Think we should document our adventures with wild yeast. I’ve been trying much more than bread lately and it’s really worth your whole to try.
Side topic, there are some very serious people claiming that these longer fermented breads are significantly easier to digest and even allow people with perceived gluten sensitivities to eat breads without issues.
I’ll start with my only 3rd round pizza bake from last night.
Blend of 00 and AP and Red Fife flour. 3 day cold ferment. Super hot baking steel
I believe this to be 100% true. When I explain to people what is going on in the dough when you are allowing it to sit and rise, I break the processes into two categories: fermentation and maturation. On a very basic level, the fermentation process is the work that the yeast does, while maturation is the work done by enzymes that are naturally present in flour breaking down the gluten proteins formed when you make a dough.
The warmer the dough, the faster the fermentation occurs. The maturation process, on the other hand, occurs at the same rate no matter the temperature. So when you cold ferment, you slow down the work of the yeast to give the maturation process more time to occur. A more mature dough means more breaking down of the gluten proteins, which means a less dense crumb, and less work for our digestive systems when we eat it. It also affects how the dough cooks, ensuring that your dough gets cooked throughout during the baking process, and you don’t have a gum line . Again, this is a fairly high level explanation, but I think it helps one understand much better the reason for cold fermenting
It’s really fascinating how those little microbes work. My starter was incredible and now it’s lagging and there isn’t a good reason I can think of. Organic flour, regular feedings etc.
This last bake last weekend was done with 1 dough, later divided. All the steps were done the same way, the only difference was cold fermenting in a differnt part of the fridge and 1 proofed much more than the other, it collapsed when i scored it. The one on the right didn’t rise as much and had a good oven spring ,though I did a much shorter score when i saw the first one collapse. 1 decent spring and shape, 1 pancake… though still delicious.
so i’ve come to realize that my friend is right that the controlled temp is the whole game with proofing so i’m going to have to get one of those Bolt & Taylor joints unless someone else has a more cost friendly option.
pizza’ed last night for parents.
happy to post my failures as well as my successes
When I do sourdough loaves, my ‘proofer’ is the bottom oven (NOT the one I preheat), turned off, with the light on. That gets up to appox 85-90 degrees, keeps things nice an active without getting too hot and limits exposure to dust, curious felines, etc. If things get too warm (if it’s a REALLY long proof), just turn the light off.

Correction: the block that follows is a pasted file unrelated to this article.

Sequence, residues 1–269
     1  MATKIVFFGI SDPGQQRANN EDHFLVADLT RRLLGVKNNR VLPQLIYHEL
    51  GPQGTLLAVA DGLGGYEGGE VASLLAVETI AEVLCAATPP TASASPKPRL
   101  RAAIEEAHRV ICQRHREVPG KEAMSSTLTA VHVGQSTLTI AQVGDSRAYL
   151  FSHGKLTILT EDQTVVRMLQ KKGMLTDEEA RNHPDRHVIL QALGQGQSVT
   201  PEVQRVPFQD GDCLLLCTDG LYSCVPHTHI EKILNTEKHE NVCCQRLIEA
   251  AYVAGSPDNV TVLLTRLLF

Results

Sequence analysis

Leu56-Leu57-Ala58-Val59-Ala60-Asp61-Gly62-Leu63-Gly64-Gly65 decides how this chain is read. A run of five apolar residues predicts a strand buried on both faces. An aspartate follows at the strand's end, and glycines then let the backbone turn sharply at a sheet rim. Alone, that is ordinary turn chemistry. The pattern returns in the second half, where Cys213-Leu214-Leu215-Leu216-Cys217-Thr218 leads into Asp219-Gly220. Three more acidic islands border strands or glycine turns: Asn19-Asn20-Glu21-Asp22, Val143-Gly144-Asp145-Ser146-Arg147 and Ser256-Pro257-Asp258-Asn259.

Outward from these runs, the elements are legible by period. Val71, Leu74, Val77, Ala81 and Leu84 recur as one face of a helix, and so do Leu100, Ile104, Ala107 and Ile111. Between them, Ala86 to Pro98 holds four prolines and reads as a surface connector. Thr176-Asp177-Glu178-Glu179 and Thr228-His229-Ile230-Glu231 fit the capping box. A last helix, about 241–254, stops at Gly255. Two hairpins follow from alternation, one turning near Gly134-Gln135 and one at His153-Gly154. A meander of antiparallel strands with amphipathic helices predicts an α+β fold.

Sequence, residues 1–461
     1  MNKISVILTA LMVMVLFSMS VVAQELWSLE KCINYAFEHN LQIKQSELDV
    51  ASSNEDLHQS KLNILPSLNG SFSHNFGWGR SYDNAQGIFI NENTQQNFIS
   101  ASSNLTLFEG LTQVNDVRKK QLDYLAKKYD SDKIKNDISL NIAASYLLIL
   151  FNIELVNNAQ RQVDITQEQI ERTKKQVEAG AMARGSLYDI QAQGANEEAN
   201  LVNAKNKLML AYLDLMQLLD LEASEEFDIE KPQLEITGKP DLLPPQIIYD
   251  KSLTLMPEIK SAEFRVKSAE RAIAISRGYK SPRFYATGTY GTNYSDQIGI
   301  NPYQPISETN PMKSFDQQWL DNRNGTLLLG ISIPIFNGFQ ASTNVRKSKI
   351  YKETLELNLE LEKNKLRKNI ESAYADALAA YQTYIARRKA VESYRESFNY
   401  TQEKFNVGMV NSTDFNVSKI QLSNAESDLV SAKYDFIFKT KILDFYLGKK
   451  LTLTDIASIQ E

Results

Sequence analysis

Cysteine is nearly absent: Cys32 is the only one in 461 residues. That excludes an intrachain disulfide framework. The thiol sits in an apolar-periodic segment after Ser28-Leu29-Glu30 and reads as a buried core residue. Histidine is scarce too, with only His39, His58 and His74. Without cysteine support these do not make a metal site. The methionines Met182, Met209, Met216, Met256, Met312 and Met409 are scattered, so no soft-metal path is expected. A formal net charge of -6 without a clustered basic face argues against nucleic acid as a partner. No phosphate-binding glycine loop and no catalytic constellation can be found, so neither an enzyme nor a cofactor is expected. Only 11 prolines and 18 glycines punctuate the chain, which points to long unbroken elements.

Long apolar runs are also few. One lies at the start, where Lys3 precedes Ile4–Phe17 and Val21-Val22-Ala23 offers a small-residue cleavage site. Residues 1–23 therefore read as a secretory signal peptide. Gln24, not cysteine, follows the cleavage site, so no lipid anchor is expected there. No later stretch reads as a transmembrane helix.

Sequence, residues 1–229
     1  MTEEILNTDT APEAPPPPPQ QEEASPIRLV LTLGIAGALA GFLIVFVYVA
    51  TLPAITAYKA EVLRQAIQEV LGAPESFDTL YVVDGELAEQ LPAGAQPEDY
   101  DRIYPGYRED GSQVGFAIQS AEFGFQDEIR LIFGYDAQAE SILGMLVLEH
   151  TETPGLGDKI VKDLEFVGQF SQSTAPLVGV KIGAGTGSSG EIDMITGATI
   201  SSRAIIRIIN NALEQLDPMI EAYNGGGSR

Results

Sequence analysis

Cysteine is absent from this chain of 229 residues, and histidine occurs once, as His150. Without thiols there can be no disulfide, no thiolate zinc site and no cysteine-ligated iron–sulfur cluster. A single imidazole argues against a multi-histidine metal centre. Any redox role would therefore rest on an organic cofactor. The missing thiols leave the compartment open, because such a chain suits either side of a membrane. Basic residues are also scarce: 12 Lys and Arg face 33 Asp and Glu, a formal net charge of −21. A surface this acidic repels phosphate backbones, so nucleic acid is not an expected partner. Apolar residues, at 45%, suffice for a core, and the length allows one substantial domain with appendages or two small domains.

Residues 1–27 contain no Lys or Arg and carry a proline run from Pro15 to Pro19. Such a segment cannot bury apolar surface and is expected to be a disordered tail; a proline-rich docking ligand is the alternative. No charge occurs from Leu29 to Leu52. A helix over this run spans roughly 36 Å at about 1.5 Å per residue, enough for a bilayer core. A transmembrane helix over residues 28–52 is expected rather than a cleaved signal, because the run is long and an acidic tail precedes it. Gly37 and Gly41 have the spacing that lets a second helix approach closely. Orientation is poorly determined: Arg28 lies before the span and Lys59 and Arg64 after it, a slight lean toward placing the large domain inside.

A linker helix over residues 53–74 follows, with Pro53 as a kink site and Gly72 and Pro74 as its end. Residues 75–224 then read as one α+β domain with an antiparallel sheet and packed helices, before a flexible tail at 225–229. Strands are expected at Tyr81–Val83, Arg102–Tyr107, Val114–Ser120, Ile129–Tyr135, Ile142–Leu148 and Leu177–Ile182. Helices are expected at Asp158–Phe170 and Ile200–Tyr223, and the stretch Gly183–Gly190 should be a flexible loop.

(note: oven lights, so far as I know, are still ALWAYS old school incandescent bulbs, which is why this works. If you have some super modern oven with LED lighting, you’re out of luck)
Cold proofing is ALWAYS in the same spot in the fridge, which (thankfully) maintains a very steady 38-40F for consistency.
caveat: I am by no means a master baker, or even a particularly good baker.
My oven, after an hour or so, sits around 85deg F. That seems to be ideal for my bread recipe, which takes about 4 hours of bulk fermentation, followed by preshaping, rest, shaping, and 15 or so hours cold proof. 90deg may mean things will ferment a bit faster, and that’s probably close to the upper limit on how warm you want things to be. Yeast starts to die off around 105F, so staying under that is the most important.
generally: lower temps = longer fermentation times, which can lead to a deeper flavor as the non-yeast bacteria have more time build up. What you want out of your final product can mean you should have longer or shorter ferment and proof times, depending on your desired results.
I learned a LOT from this particular youtube channel:
just watched his review of the Brod & Taylor unit and it’s pretty convincing. if lightbulb can’t keep the stove at 90 i’m going to likely buy this or a seedling mat and controller since i’ll need a matt for seedlings soon anyway
so i think i just figured it all out. after a couple of really lackluster bakes with inconsistent breads… and really never ever achieving what i would accept as proper oven spring i’ve been playing with temp control of our stove and considering the B&T proofer
what i did this time is just do the starter refreshment and entire bulk fermentation with all the steps in the oven with light turned on. this kept it at a consistent 80 degrees (i can easily bump it up to 85 or 90 if i go to the kitchen and turn the stove on and off for a minute or insert a warm dutch oven)
what it lead to is a very nicely bulked/proofed dough which sprung the hell up in the oven this morning.
also really pleased with how the 9 grain mix i got at King’s roost felt while working with the dough and how it looks. can’t wait to try!